Insights Shared with AORN: MAKE 2015 THE YEAR OF YOU

Tomorrow is Thanksgiving. Are you scrambling to shop, clean and bake as you also worry about a postoperative patient and being on call tomorrow?

You are not alone, and you CAN do it all IF you have the right mindset, reassures Phyllis Quinlan, PhD, RN-BC, a practicing nurse and professional coach known to the nursing community as Dr. Phyllis.

She says the hustle and bustle of the holidays provide the perfect time for nurses to hone their multi-tasking skills and plan their goals for the year ahead. “The key is to be present in all that you do by creating ‘day-tight compartments,’” a strategy she attributes to the late life-improvement coach Dale Carnegie.

“Wake up in the morning preparing for your first task at hand, such as getting the kids off to school and be completely present and joyful in that moment. When that part of your day is over, transfer yourself completely to the next task,” she explains, noting “don’t let multiple tasks overlap or you will feel wiped out and be less efficient in every ‘compartment’ of your day.”


Dr. Phyllis offers four strategies for making time to focus on the joy of the holiday season:

1. Have realistic expectations 
Don’t try to over plan and over fill your schedule so you are too busy to enjoy the spirit of the holiday with your friends and family.

2. Simplify
Don’t complicate holiday gatherings or gifting. If you are on call, choose to accept an invitation rather than host. If you are bringing a dish to an event don’t cook, instead purchase store bought food and place it on a festive plate. And, look for creative gift bags to save time wrapping.

3. Plan ahead
Build your game plan for gifting and use as much online shopping as possible–focus on shopping smarter and more efficiently.

4. Focus on people
If you are hosting a holiday event, focus on the comfort and joy of being together. Consider easy, yet festive food such as Tapas, appetizers or desserts. Think about creating an environment of togetherness to celebrate the true spirit of the holiday season.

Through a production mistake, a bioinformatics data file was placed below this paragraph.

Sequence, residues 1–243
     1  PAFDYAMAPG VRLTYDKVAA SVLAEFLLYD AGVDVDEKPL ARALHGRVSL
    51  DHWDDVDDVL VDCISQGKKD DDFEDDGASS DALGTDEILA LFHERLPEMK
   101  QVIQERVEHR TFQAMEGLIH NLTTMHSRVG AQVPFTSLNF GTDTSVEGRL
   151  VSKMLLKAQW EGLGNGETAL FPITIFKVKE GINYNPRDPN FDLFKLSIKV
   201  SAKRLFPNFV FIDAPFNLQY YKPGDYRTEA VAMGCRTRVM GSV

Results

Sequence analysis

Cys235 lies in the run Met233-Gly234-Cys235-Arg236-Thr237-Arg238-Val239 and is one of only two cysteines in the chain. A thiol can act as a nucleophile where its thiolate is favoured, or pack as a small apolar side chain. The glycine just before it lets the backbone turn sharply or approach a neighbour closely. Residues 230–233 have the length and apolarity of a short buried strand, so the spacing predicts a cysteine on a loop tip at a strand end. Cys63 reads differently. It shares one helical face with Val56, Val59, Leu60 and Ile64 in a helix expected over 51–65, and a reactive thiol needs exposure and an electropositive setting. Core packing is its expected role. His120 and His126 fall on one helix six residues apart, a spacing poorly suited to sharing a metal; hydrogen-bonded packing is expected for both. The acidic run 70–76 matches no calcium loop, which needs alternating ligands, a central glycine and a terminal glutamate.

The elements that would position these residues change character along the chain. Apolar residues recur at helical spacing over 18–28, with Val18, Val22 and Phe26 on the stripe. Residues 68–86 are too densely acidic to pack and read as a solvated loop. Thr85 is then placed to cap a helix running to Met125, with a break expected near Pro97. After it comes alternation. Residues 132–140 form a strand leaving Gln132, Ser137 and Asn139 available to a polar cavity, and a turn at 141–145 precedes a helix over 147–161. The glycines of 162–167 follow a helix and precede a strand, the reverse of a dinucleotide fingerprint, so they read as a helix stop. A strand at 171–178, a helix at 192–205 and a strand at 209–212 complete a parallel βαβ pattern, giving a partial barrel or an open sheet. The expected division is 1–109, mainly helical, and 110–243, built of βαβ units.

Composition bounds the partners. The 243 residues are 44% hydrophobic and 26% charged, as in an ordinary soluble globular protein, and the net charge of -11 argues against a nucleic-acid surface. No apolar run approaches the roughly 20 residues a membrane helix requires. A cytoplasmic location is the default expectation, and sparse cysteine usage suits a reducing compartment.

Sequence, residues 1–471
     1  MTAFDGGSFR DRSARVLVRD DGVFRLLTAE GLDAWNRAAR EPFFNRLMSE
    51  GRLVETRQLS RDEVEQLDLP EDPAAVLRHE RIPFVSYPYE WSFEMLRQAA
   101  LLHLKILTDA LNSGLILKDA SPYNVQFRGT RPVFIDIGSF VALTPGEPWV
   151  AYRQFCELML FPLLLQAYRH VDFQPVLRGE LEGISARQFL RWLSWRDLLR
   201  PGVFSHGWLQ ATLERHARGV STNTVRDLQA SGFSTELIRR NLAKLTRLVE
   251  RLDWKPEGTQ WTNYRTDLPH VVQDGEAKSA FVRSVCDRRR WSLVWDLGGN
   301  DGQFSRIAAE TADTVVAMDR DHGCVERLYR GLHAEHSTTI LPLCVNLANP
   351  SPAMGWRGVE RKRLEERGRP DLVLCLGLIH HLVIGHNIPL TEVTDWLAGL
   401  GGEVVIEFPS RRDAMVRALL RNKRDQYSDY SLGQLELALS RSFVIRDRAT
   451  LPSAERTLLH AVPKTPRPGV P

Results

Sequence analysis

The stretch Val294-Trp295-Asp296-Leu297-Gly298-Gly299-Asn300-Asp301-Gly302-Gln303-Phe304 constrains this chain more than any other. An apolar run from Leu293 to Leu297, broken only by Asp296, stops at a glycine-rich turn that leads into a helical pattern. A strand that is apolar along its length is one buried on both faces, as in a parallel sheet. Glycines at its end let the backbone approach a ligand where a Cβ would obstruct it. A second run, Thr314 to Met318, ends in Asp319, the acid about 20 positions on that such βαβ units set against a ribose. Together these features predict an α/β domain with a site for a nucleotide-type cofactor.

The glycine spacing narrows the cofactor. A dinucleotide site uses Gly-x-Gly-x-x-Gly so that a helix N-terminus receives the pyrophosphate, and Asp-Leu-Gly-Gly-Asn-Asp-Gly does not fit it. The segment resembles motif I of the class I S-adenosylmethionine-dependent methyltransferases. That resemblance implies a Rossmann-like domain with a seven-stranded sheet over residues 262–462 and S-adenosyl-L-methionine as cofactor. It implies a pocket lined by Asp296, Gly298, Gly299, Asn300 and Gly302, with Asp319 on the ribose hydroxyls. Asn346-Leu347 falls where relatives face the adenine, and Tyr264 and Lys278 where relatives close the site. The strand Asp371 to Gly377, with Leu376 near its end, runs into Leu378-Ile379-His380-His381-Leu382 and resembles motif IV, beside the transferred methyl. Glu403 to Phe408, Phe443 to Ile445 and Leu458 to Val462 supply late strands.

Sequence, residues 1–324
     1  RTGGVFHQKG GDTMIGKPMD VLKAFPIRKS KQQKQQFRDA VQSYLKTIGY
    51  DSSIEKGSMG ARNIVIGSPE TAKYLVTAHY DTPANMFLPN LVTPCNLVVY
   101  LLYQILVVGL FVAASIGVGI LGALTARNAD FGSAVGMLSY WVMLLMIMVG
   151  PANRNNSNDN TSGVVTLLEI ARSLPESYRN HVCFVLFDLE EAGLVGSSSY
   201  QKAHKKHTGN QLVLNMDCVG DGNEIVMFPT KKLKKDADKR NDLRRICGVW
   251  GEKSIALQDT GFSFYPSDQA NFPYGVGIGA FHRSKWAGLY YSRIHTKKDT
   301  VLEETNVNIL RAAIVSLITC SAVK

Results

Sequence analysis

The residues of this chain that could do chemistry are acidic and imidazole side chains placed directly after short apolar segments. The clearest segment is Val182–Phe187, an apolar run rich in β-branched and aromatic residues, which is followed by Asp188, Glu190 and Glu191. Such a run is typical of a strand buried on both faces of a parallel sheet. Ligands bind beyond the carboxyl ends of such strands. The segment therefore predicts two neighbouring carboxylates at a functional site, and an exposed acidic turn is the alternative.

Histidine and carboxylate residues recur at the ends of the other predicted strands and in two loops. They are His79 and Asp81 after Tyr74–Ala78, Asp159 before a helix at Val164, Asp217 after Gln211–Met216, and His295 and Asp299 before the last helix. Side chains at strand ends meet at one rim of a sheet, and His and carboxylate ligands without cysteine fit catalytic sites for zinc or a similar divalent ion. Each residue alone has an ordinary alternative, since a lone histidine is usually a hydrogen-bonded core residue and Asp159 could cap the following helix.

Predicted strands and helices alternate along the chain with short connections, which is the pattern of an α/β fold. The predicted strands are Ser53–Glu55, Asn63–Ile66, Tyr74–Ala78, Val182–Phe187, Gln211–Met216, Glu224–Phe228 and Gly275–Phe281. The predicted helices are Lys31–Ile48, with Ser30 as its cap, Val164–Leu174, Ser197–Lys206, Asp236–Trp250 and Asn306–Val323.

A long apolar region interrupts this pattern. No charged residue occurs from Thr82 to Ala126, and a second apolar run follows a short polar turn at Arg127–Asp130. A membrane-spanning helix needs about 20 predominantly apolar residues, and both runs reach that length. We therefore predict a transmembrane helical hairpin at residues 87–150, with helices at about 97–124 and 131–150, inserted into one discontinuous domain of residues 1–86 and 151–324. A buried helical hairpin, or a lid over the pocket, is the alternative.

Take time as the year comes to an end to think about yourself and your professional goals for next year, Dr. Phyllis suggests, noting “2015 should be the year of you!”

She suggests three considerations for perioperative nurses setting 2015 career goals, depending on career stage:

Are you prepared for retirement? (age 55+):
Consider your financial and physical readiness for retirement. Think about how much money you are contributing to your retirement because after age 55 you can put in more money. Also think about your health—is it time for that knee or hip replacement? Do you need to take off 20 pounds?

Start making a plan for aging gracefully in your job. Perhaps you can transition to less physically taxing work in the perioperative field, such as education. You may also want to consider work in another nursing field you can age into.

Are you ready for your next career move? (age 50 and under):
Be adaptable as you consider the forces of change in health care that we see now and developing further in 2015–2016. For example, can you see yourself working in an ambulatory setting?

Are you a team player? (any career stage)
Interdisciplinary collaboration is the name of the game in 2015. The growing trend in any health care organization is to pull together and work as a team. Respect the important role each member of the surgical team has to play.

Consider creating collaborative care councils or initiate a quality care initiative with surgical team colleagues. If you have issues within your team, seek the advice of human resources to mediate discussions. Welcome 2015 as a year of opportunity to become a solid team and you will find that the work itself will become so much easier.


Get empowered, energized and motivated at AORN’s annual conference, March 7–11.


Use the holidays to honor your team members, help them grow, and help yourself find new ways to lead.

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